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China Ready for Swine Flu

  • Stephanie Ho

China's top officials say they are ready to combat swine flu, if the illness shows up in the country. Stephanie Ho reports from Beijing.

Chinese Health Minister Chen Zhu urged basic hygiene as an effective first line of defense against swine flu.

Chen urged people to cover their noses and mouths with a tissue when they cough or sneeze. He said people also should not spit and should put what he described as "any mouth secretions" into a tissue that is thrown away in a garbage pail with a lid.

Chinese authorities have not yet found a case of swine flu in the country - in either a human or a pig.

Chen says if a human case is found, Chinese authorities will report it in a timely manner, quarantine the patient and give treatment, according to plans and according to China's laws and regulations.

He told reporters in Beijing Thursday that China is working on developing a swine flu vaccination. He says the Chinese government has already submitted a request to the World Health Organization to acquire strains of the virus, from areas that have already been affected.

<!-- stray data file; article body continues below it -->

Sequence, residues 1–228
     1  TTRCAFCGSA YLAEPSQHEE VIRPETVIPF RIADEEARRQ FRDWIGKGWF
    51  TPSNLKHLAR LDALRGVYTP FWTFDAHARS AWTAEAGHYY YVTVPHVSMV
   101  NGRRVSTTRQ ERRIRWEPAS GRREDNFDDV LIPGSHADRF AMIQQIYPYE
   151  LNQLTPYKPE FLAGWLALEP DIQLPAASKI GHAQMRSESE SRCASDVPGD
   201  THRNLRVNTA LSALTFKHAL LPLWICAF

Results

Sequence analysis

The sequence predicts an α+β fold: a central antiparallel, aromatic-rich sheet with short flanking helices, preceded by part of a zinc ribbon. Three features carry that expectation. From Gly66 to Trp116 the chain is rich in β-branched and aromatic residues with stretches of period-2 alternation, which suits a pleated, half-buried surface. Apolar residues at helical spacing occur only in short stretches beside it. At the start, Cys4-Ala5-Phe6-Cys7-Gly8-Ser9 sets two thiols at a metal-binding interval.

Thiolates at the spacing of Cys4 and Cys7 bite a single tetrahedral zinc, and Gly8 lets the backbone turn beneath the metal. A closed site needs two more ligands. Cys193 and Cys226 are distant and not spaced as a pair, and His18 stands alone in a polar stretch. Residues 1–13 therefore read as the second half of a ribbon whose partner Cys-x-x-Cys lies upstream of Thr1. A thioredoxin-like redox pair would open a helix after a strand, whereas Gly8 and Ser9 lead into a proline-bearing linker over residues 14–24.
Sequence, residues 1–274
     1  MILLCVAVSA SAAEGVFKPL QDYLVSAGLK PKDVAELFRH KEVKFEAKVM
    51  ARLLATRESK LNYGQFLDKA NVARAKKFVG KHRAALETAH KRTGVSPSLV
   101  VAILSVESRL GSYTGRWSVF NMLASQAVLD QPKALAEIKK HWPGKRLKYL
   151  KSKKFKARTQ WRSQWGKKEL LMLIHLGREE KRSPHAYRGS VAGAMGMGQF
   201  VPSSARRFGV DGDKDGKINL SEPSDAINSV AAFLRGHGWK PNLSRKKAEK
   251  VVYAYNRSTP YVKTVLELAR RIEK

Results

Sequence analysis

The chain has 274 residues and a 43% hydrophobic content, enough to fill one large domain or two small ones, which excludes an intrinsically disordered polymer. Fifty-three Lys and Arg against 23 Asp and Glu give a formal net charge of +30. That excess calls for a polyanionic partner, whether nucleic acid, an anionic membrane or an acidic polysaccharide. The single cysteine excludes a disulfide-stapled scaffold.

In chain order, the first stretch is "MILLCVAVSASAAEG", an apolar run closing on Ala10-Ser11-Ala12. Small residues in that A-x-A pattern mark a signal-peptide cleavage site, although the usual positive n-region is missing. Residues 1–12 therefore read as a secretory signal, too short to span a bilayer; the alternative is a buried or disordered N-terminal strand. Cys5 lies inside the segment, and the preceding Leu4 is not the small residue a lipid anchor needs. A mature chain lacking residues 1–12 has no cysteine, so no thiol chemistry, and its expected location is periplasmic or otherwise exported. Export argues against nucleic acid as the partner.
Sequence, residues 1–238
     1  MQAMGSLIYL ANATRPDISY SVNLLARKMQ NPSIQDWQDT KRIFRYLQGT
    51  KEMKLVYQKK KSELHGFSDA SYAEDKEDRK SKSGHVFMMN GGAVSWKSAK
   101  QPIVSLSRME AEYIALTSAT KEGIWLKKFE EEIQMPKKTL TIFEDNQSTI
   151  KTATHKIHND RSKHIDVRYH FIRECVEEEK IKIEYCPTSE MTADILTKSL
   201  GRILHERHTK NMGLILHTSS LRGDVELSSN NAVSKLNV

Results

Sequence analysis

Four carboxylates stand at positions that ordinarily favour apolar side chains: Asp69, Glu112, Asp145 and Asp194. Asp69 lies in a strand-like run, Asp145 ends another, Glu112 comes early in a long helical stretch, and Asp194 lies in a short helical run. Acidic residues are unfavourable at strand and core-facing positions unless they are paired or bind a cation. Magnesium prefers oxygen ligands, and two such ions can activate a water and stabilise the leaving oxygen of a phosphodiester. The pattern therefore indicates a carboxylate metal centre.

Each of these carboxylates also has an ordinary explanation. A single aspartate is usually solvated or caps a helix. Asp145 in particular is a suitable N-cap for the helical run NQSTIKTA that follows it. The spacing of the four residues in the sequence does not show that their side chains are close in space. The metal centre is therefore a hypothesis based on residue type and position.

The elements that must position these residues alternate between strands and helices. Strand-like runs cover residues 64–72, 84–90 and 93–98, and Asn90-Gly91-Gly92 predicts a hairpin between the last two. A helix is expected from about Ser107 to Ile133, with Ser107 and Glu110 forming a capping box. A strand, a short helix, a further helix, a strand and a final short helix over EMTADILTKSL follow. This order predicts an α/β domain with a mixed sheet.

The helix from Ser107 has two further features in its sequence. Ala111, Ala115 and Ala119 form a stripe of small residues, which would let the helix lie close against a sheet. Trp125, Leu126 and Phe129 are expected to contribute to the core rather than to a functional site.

Meanwhile, China's Vice Agriculture Minister Gao Hongbin had strong criticism for the name of the illness, swine flu, which implies that pigs are somehow to blame.

Gao says China is a big producer and consumer of pork, and that, despite misconceptions, pork is still safe to eat.

He says the government pays close attention to and cares strongly about anything related to pig production because it is closely linked to the national economy and to people's livelihoods.

The Chinese official urged that the official name of the disease be changed. He pointed to three different possibilities - a U.S. government decision to refer to the disease as the H1N1 flu, the European Union's decision to refer to it simply as a "novel flu," and the Paris-based World Organization for Animal Health's reference to it as the "North American flu."

The emerging H1N1 virus strain is a mixture of genetic material from other swine, bird and human flu strains.

Whatever is decided, Gao says the name should at least stop laying the blame solely on pigs.

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